Defra opens consultation on plans for conservation covenants

Environment Secretary Michael Gove has opened a consultation on plans for conservation covenants which promise a new wave of legal safeguards for England's natural environment.

The Government is seeking views on how best to introduce conservation covenants, fulfilling a commitment made in the 25 Year Environment Plan. They are voluntary but legally-binding agreements which enable landowners to leave a permanent conservation legacy on their land for future generations.

The covenants, already used successfully in other countries, would allow landowners to make a public commitment to take positive actions to preserve and improve treasured features on their land such as trees, woodland or flower-rich meadow. They would be binding on future owners of the land and would be overseen by responsible bodies to ensure land management obligations are delivered.

Environment Secretary, Michael Gove said: "Conservation covenants are a valuable new tool to help protect our precious countryside. They allow landowners to safeguard nature on their land, securing long-term benefits and enabling vital investment in future conservation.

"These plans are a further step in our ambition to be the first generation to leave the environment in a better state than we found it. I urge people to have their say on the proposals, which we are considering for our forthcoming Environment Bill."

Legal covenants already exist to prevent certain types of actions, but by encouraging positive environmental actions, a conservation covenant may achieve a lasting legacy for land management for generations to come.

The main scenarios likely to involve the use of conservation covenants: 

  • Altruistic uses
  • Securing heritage sites
  • An alternative to land purchase by conservation organisations
  • Disposals of land by conservation organisations
  • Payment for ecosystem services
  • Net gain for biodiversity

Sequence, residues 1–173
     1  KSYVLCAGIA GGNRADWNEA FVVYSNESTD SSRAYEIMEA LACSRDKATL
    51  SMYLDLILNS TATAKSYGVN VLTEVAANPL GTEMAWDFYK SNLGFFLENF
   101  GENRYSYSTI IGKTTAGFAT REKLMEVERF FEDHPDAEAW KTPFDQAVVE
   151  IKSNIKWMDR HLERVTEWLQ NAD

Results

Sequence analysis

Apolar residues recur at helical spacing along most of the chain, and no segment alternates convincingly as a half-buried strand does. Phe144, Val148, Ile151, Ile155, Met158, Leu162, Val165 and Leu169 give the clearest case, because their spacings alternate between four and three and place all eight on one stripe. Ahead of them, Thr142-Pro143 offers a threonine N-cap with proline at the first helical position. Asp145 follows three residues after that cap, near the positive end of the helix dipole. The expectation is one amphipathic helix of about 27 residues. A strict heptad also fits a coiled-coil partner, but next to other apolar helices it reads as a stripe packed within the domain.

They might also be used in a business context to secure the long-term maintenance of existing or newly created wildlife or heritage assets.

Professor Nicholas Hopkins, Commissioner for Property, Family and Trust Law at the Law Commission said:

"We are delighted that the Government is consulting on implementing our conservation covenants Report.

"These recommendations would make it simpler and easier for landowners to make agreements that that will protect the environment, archaeological sites and historically important buildings for generations to come."

The consultation will seek a range of views from the public and especially from key interested organisations and individuals including landowners, conservation groups and others. Feedback from these groups and individuals will help the Government in its consideration of the Law Commission’s proposals for legislation on conservation covenants in England through the Environment Bill.

Matthew Darby, landowner, farmer and trustee of the Kemerton Conservation Trust said:

"I’ve always wanted to protect some of the special parts of my farm forever – places with a bit of magic that deserve to be enjoyed by future generations.

"Conservation covenants could provide part of the answer. I see them acting as a bridge between landowners and those paying for public goods. I could invest this sum back into the farming business so that my family could continue to live on the land and care for it.

"These covenants could provide multiple wins – for families, for public goods, and for natural places."

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